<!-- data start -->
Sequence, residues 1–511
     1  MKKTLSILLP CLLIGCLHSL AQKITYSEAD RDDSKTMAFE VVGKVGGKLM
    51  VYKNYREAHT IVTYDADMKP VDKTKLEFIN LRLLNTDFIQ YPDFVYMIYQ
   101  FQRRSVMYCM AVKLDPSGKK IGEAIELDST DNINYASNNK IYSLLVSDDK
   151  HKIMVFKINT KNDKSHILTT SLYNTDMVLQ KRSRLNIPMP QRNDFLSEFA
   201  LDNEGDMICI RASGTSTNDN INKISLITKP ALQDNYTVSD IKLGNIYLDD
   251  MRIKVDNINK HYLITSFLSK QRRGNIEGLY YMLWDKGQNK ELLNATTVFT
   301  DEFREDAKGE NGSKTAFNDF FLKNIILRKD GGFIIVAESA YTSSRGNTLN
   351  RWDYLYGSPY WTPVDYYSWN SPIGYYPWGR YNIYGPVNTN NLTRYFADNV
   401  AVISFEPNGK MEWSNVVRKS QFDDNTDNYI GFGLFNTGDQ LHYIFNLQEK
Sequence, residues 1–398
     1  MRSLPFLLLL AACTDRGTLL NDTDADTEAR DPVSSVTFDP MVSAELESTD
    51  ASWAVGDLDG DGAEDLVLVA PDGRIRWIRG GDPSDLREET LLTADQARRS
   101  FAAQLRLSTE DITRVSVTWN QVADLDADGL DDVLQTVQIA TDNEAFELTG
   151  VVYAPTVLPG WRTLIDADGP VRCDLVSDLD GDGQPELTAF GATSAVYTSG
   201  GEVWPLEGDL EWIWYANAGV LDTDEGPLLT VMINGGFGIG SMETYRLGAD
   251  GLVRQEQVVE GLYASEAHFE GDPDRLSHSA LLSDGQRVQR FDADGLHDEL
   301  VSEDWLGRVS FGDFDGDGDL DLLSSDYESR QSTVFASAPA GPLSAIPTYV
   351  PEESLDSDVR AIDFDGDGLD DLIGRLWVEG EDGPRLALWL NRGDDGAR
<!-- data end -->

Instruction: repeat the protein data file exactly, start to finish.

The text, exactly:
Sequence, residues 1–511
     1  MKKTLSILLP CLLIGCLHSL AQKITYSEAD RDDSKTMAFE VVGKVGGKLM
    51  VYKNYREAHT IVTYDADMKP VDKTKLEFIN LRLLNTDFIQ YPDFVYMIYQ
   101  FQRRSVMYCM AVKLDPSGKK IGEAIELDST DNINYASNNK IYSLLVSDDK
   151  HKIMVFKINT KNDKSHILTT SLYNTDMVLQ KRSRLNIPMP QRNDFLSEFA
   201  LDNEGDMICI RASGTSTNDN INKISLITKP ALQDNYTVSD IKLGNIYLDD
   251  MRIKVDNINK HYLITSFLSK QRRGNIEGLY YMLWDKGQNK ELLNATTVFT
   301  DEFREDAKGE NGSKTAFNDF FLKNIILRKD GGFIIVAESA YTSSRGNTLN
   351  RWDYLYGSPY WTPVDYYSWN SPIGYYPWGR YNIYGPVNTN NLTRYFADNV
   401  AVISFEPNGK MEWSNVVRKS QFDDNTDNYI GFGLFNTGDQ LHYIFNLQEK
Sequence, residues 1–398
     1  MRSLPFLLLL AACTDRGTLL NDTDADTEAR DPVSSVTFDP MVSAELESTD
    51  ASWAVGDLDG DGAEDLVLVA PDGRIRWIRG GDPSDLREET LLTADQARRS
   101  FAAQLRLSTE DITRVSVTWN QVADLDADGL DDVLQTVQIA TDNEAFELTG
   151  VVYAPTVLPG WRTLIDADGP VRCDLVSDLD GDGQPELTAF GATSAVYTSG
   201  GEVWPLEGDL EWIWYANAGV LDTDEGPLLT VMINGGFGIG SMETYRLGAD
   251  GLVRQEQVVE GLYASEAHFE GDPDRLSHSA LLSDGQRVQR FDADGLHDEL
   301  VSEDWLGRVS FGDFDGDGDL DLLSSDYESR QSTVFASAPA GPLSAIPTYV
   351  PEESLDSDVR AIDFDGDGLD DLIGRLWVEG EDGPRLALWL NRGDDGAR